Cold Calling Still Works for Advisors: Study
Cold callingis the second most frequent way financial advisors land new clients, behind referrals from family and friends, according to research by Spectrem Group. Spectrem’s study, Advisor Relationships and Changing Advice Requirements, found that at least 10% of all investors connected with the financial advisor with whom they currently work because the advisor made first contact.
Approximately 50% of client relationships begin with a referral from a friend or family member of the investor. These referrals most often come more from business associates or a personal friend than from a parent.
“There was a time when financial providers frowned on cold calling, but that is no longer the case,’’ said Spectrem president George H. Walper Jr., in a statement. “Thanks to the Internet, financial advisors can find investors who might be in the market for a new or better financial advisor. While cold calling might seem like an irritant to some people, to others it shows ambition, and some high net worth investors are likely to find that appealing.’’
Among ultra high net worth investors (those with a net worth between $5 million and $25 million), cold calling (11%) topped seminars (6%), general advertisements (3%), advertisements in financial publications (3%) and websites that provide detailed information on advisors (2%). Read on for more insights into how well cold calling works.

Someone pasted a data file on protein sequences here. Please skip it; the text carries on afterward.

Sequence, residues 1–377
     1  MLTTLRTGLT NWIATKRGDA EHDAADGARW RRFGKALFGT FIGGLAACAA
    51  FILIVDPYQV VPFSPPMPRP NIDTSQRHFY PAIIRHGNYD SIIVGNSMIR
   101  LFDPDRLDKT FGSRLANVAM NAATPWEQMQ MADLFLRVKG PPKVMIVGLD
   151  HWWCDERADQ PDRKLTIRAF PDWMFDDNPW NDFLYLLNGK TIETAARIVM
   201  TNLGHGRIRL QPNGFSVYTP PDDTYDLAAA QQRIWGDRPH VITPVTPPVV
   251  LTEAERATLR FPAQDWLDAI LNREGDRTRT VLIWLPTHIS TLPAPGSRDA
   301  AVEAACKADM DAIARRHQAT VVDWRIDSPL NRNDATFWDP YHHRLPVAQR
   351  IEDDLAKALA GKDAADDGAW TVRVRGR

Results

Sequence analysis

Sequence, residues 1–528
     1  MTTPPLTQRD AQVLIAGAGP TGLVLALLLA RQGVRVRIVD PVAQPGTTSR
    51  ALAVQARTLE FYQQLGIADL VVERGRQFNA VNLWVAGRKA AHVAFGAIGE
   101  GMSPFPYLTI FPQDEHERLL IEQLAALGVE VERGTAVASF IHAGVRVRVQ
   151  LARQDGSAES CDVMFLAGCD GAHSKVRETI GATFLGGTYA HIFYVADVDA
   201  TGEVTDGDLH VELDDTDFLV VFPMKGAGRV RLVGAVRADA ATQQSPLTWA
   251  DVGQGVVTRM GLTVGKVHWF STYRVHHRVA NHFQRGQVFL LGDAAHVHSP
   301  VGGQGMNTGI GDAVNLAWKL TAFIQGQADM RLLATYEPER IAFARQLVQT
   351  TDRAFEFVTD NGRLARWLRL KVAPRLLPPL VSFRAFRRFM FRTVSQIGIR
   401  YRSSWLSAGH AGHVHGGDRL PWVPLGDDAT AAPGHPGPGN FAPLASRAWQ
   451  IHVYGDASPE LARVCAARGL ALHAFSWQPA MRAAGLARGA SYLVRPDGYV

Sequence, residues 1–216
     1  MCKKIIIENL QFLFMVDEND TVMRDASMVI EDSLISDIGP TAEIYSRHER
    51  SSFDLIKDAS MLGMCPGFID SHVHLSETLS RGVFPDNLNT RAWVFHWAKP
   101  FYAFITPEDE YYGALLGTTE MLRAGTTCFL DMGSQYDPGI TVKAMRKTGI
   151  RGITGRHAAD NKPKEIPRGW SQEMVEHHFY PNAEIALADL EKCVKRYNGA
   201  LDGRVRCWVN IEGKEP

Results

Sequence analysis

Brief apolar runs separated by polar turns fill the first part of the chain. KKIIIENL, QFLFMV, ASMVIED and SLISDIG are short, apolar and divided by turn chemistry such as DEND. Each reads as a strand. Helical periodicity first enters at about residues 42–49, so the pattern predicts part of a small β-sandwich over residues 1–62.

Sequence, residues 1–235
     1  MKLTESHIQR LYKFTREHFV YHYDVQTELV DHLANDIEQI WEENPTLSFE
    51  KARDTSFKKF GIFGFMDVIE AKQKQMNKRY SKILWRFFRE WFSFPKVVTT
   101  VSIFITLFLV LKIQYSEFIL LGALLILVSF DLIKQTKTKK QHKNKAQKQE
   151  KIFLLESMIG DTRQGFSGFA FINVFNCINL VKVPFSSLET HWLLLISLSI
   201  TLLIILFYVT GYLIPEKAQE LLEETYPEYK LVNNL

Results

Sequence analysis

Cold Calling Challenges
Spectrem points out that the challenge of cold calling is appealing to what investors want in the very short time there is to grab their attention during a phone call or in an e-mail. Its research shows that investors value honesty and trustworthiness, responsiveness to requests, and performance of investments against the stock market average. But none of these traits can be demonstrated in a cold call.
To help overcome this, Spectrem suggests that advisors who cold call should understand why investors switch advisors and play to those tendencies. According to Spectrem, the top reason investors switch advisors is because the advisor was not proactive in contacting them. “Reaching an investor by phone to introduce yourself, and knowing a little bit about that investor from a basic information search, might be an indication to the investor that you are not afraid to pick up the phone to maintain contact as well as establish it in the first place,” Spectrem said.
Spectrem suggests the following for advisors who cold call:
- Advisors who are reluctant to cold call but still consider it a good idea need to convince themselves of its value and prepare to put their best foot forward if the call (or e-mail) is answered. “You have something of value to sell (your services and your firm’s resources), so be ready to sell it,” Spectrem said.
- Advisors should be prepared for an initial rejection but shouldn’t immediately give up. While prospects may be too busy at the moment, advisors can suggest that they call back if they reconsider or ask for a better time to call.
- Take the time to understand the art of cold calling or e-mailing by reading the many articles written about how to get your e-mails noticed and how to avoid immediate rejection.
- Advisors should also be prepared for a positive response and have a follow-up plan for the next meeting or phone call.
- If able, advisors should send some type of content to an investor prior to cold calling that demonstrates their expertise. This could include a blog or article that highlights the advisor’s approach to common financial planning and investment issues. It could help stop a prospect from immediately hanging up or deleting an e-mail.
Advisors who thought call calling was dead may want to reconsider. It is the second most common way to gain new clients following referrals.
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